HOW TO CREATE AN AWARD-WINNING MENU
Menus are one of the most fundamental parts of the customer experience, and The Dead Rabbit Grocery and Grog, NYC, is known not only as the World’s Best Bar (2016), but also as having one of the most innovative menus (think a comic book featuring some of the industry’s renowned experts!) So how do they do it? Dead Rabbit Beverage Director and Bar Manager Jillian Vose takes us through how her team creates the menu and gives us some top tips that you can use in any menu you might create!
Why is it important to have a good menu?
Well, for us it’s because the menu is part of the whole customer experience. At the Dead Rabbit, we’ve established a reputation for having fun and engaging menus and it’s now the standard our guests expect from us.
Menus work for us, and I’d say 99% of the time, guests pick from the menu, or the bartender or server do so, and it’s a matter of having your mise en place reflect the menu to ensure efficiency.
We like to think that our menu is one of the highlights of coming to our bar. It’s different than anything else out there, which makes it memorable. You’re not going to forget the Rabbit Man (John Morrissey’s character, resurrected one hundred years after his death) in a comic book alongside a cartoon version of your favorite bartender. It’s part of the conversation and it’s a part of what we do and what people expect from us. It doesn’t have to be a comic book menu, but certainly finding your menu style and making it a reflection of your outlet will bring more customers in.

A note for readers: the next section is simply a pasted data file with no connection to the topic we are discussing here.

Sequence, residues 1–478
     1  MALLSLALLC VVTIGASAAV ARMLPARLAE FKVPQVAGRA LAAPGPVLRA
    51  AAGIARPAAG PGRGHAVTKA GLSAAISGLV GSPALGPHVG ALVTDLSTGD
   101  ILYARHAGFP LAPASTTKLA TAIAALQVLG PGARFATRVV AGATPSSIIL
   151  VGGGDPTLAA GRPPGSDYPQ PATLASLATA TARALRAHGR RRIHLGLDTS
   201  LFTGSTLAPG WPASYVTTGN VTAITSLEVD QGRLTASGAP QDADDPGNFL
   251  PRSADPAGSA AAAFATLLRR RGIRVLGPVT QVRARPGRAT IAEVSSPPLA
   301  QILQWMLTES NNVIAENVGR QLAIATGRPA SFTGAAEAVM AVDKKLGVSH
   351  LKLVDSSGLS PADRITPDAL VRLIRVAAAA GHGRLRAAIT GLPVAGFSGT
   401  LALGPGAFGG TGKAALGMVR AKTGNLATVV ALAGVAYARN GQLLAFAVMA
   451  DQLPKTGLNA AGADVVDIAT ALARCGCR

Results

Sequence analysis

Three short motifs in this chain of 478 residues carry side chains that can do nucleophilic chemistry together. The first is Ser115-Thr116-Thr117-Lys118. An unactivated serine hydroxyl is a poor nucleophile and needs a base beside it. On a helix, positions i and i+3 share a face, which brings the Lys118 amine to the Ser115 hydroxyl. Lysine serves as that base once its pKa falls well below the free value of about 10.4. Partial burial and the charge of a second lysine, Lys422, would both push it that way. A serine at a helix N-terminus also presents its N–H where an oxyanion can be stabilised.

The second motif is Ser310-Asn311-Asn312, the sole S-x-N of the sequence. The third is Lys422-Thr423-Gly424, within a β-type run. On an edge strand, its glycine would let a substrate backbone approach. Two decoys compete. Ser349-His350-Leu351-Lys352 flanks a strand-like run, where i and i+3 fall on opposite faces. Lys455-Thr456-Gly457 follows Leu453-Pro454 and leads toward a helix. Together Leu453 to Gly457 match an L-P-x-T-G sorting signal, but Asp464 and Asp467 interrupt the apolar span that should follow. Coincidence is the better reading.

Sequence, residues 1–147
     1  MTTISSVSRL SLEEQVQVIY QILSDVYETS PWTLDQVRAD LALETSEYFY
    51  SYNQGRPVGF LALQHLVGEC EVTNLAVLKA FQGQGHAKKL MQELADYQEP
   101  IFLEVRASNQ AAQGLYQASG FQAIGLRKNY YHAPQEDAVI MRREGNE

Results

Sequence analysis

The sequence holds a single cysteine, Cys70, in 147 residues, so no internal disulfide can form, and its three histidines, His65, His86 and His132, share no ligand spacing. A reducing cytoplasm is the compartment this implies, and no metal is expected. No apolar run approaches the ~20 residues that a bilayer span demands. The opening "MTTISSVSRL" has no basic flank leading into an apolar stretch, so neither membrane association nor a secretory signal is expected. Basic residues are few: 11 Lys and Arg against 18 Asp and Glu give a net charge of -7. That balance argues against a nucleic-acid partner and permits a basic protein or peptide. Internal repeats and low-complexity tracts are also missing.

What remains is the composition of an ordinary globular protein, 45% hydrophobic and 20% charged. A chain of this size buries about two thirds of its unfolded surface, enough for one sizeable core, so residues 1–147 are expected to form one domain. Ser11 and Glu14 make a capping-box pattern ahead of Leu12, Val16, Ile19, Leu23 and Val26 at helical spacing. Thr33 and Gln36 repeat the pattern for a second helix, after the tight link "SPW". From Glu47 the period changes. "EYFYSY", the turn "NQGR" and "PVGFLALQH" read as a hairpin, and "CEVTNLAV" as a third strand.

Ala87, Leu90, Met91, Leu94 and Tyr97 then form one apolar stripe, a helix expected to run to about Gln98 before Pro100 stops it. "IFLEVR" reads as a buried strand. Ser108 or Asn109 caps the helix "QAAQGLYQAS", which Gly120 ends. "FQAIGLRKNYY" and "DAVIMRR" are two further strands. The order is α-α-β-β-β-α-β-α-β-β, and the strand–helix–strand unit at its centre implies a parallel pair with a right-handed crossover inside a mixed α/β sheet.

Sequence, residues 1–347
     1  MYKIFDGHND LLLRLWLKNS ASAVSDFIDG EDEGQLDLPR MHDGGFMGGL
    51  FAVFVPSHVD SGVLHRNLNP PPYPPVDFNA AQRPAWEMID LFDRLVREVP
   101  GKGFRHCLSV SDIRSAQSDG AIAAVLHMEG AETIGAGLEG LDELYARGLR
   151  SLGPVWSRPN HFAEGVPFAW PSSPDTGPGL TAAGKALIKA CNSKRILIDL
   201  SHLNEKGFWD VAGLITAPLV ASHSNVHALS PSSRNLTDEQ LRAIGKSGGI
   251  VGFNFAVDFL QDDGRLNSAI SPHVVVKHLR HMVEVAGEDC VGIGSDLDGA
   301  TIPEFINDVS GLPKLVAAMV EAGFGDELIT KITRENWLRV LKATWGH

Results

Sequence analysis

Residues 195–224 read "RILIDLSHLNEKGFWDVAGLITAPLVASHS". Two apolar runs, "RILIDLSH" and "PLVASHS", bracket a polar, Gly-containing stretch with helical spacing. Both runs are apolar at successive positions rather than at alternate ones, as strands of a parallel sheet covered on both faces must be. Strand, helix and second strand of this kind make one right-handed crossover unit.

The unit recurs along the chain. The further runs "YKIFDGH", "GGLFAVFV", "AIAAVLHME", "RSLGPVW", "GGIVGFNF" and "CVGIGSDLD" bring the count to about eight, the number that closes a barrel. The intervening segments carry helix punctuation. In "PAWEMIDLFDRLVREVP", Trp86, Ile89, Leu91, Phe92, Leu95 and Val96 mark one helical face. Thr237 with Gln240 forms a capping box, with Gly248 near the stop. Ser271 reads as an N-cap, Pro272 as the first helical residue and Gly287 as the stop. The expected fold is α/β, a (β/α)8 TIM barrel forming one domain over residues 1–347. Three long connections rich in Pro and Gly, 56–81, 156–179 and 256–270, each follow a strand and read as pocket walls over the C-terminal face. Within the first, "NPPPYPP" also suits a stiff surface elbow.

How we create our award-winning menus
To create our award-winning menus, there are a lot of moving parts. It’s not just the drinks.
Our menu concepts tell a story that has relevance to both the Dead Rabbit’s location and its name (based on the infamous 1850s street gang). Make sure your menu not only makes sense for you, but also gives your customers an insight into the look and feel of your bar.
We work with Drinksology, the company that does our fonts and menu layout, and they really are the brains when it comes to formulating the story we’d like to tell. It’s largely the Dead Rabbit owners, Sean Muldoon and Jack McGarry, who confer with them about the progression of the actual comic or menu-my main role is to work with our staff to come up with and then create the actual drinks that will be in the menu.
Serves to Include
We work as a team when coming up with ideas for our drinks and it is a very collaborative process. We brainstorm through a shared online document that everybody can see. This process helps to visualize the drink recipes while drinks are being presented to all staff, creating less redundancy with drink ideas among the team.
We will do research and development sessions roughly 6-8 times before the menu is complete. I typically allow the staff to present everything they’ve got and then I’ll fill in what needs to be completed for the menu. During this process, we also get samples from suppliers–this is a great opportunity to take inspiration from spice shops, farmers markets, grocery stores, meals and desserts, cookbooks, and cocktail books old and new. Go exploring!